Pendle Hill, apart from being the home of the Pendle witches and the place where George Fox is reported to have had his vision that led to the founding of the Quakers, is also the home of a classic foot race.
I knew it was a mistake to enter the 'Full Tour of Pendle' fell-race having missed 6 weeks training due to a series of colds, coughs, sneezes, sore throats and not surprisingly a general feeling of lethargy. But I couldn't resist it.
Some 350 runners duly entered the fray, which involved running up the boggy mass of Pendle Hill 5 times in sweeping rain and swirling mist and visiting 11 checkpoints in various far-apart locations with only a compass-bearing for a guide. Route choice is your own problem.
And so it came to pass that as I ran off the Apronfull Hill* side of the Pendle hump down into Asshenden Clough I felt my first twinges of cramp in my thighs. And I was only halfway round the course. Halfway that is in terms of distance. But the serious climbing, the climb out of Asshenden Clough, the climb up the Big Dipper and the climb up the aptly named Big End were still ahead of me.
I would for safety-first reasons choose a longer route which I knew by heart rather than take any short-cuts in the poor visibility and the uncomfortable easterly wind; a nagging wind which reduced all but the hardiest fell-runners to little more than walking pace, and many to a shuffle, on the wide summit plateau where the terrain consists of millions of waterlogged ankle-spraining tussocks, some old stone walls and a maze of peat groughs.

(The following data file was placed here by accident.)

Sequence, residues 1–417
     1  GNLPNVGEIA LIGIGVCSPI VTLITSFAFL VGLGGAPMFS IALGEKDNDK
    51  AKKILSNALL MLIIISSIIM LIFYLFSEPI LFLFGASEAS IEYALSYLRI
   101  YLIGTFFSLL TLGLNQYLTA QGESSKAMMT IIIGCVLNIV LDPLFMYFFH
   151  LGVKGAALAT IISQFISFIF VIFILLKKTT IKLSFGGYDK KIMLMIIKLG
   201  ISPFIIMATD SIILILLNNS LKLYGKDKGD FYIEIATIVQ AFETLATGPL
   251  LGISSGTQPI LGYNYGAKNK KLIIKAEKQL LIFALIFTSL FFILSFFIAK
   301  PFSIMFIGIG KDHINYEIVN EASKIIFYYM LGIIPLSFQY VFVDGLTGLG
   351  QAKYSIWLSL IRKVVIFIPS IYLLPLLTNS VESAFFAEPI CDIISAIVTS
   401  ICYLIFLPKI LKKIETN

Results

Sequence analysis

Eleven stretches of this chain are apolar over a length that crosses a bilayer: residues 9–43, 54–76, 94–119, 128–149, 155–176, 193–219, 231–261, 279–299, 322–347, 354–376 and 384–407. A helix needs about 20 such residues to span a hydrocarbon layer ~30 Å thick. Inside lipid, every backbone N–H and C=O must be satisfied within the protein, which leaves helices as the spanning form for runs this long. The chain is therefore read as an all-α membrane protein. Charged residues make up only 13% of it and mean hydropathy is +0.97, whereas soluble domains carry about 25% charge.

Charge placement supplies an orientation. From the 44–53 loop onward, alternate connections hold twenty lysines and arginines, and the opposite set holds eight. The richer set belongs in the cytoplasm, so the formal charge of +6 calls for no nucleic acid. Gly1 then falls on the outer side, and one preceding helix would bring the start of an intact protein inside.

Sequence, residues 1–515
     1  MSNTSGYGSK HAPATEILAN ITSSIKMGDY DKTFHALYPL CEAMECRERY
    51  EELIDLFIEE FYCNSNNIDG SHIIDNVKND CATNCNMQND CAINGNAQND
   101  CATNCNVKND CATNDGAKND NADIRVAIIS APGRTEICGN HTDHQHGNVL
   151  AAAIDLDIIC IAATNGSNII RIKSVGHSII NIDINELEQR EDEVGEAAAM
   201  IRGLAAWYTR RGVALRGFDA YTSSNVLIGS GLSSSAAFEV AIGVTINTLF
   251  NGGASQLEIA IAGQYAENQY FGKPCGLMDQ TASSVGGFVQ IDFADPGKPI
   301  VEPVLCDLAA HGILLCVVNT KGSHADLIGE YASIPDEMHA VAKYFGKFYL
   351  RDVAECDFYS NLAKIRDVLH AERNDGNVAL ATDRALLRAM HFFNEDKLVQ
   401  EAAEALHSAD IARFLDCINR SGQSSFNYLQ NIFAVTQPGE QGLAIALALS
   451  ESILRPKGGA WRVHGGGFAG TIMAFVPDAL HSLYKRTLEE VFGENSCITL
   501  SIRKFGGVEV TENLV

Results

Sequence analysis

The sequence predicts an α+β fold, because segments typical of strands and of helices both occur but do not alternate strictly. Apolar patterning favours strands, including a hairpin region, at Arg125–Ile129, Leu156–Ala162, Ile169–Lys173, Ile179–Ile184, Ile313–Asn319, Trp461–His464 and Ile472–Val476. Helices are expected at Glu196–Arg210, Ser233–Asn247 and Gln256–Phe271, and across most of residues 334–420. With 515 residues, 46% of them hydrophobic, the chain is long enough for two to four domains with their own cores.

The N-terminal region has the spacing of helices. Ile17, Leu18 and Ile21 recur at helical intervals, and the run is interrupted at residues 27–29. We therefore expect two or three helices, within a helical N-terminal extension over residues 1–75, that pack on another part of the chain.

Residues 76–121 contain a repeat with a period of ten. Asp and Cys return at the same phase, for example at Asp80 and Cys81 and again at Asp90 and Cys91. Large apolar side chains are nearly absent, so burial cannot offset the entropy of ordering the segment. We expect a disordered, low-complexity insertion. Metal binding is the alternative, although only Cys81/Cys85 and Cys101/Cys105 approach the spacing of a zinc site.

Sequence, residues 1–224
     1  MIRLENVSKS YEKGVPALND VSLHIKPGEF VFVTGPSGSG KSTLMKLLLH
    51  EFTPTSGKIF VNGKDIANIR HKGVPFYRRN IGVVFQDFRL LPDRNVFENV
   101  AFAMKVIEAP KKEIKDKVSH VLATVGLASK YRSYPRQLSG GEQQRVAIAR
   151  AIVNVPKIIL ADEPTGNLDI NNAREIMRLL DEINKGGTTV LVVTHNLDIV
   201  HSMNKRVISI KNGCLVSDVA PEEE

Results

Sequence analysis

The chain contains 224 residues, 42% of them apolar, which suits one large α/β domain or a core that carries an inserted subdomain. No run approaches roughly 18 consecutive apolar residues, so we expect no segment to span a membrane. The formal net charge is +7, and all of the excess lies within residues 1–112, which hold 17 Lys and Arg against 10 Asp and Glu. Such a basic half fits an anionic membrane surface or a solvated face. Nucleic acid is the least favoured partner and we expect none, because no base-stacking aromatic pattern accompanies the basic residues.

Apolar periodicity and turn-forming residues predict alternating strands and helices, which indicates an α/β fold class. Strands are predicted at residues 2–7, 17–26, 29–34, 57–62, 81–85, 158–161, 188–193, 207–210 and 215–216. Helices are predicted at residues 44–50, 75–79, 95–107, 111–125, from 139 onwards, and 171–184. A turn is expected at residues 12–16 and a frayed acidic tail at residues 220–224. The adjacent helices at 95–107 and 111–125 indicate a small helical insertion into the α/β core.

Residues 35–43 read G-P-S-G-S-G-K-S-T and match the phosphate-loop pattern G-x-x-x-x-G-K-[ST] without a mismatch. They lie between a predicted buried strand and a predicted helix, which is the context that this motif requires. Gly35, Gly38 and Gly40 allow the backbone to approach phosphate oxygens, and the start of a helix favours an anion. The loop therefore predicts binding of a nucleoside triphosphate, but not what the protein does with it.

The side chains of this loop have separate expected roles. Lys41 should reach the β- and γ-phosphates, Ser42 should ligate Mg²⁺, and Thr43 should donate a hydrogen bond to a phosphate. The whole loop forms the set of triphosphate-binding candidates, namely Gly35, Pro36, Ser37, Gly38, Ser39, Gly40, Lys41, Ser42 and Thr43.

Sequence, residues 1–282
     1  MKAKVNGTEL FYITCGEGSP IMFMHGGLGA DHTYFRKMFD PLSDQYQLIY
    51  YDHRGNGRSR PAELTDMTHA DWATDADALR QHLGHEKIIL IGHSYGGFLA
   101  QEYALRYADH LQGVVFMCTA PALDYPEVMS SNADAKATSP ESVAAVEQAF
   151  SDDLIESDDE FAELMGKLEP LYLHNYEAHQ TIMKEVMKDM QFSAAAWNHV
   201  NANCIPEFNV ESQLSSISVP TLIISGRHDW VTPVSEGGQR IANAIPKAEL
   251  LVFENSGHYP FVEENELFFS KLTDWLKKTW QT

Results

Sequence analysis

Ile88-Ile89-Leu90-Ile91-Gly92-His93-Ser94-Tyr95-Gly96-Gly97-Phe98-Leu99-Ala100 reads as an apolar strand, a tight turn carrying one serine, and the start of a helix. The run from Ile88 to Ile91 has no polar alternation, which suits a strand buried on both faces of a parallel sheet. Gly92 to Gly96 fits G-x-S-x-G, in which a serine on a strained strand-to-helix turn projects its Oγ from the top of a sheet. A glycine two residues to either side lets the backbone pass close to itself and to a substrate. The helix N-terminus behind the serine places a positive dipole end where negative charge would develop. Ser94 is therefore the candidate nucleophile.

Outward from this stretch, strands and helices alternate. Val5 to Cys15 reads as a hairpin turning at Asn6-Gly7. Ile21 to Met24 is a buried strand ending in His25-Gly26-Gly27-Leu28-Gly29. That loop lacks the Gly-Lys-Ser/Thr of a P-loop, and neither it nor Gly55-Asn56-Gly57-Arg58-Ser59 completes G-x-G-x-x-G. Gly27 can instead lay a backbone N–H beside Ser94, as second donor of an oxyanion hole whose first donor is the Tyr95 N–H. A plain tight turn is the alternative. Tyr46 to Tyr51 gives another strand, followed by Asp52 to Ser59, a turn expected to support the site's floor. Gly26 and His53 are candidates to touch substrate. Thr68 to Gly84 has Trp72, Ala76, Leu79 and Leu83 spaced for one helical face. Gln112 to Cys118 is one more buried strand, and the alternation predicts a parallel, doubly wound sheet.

Choose the wrong line in many places and you could soon find yourself up to your knees in watery peat, a soft black substance guaranteed to suck the very shoes from your feet even as your tired legs work laboriously to extricate themselves from the dark trap.
Having survived everything that Pendle Hill could throw at me, and having somehow negotiated the 20-odd miles of my route choice and ascended and descended the required 5,000' and visited all 11 checks in the right order I arrived back where I had started from; the village of Barley.
Yes, I was near the tail-end of the field and more than a little bit tired but I'd done it. Yes, I'd had a bad run. It was not up to my ridiculously unrealistic expectations. I had wanted to be a good hour faster than I finally was. But then I heard of the reported 15 runners who didn't manage to get round and what they must have felt like having to retire from the race. And then I thought to myself, yes I had quite a bad run but really, my foolish ambition aside, it was not really so bad.
*Apronfull Hill is so-called because it was here that the Devil armed himself with an apronfull of rocks and angrily hurled them at Clitheroe Castle 5 miles away in the west. A large hole in the castle wall testifies to a direct hit.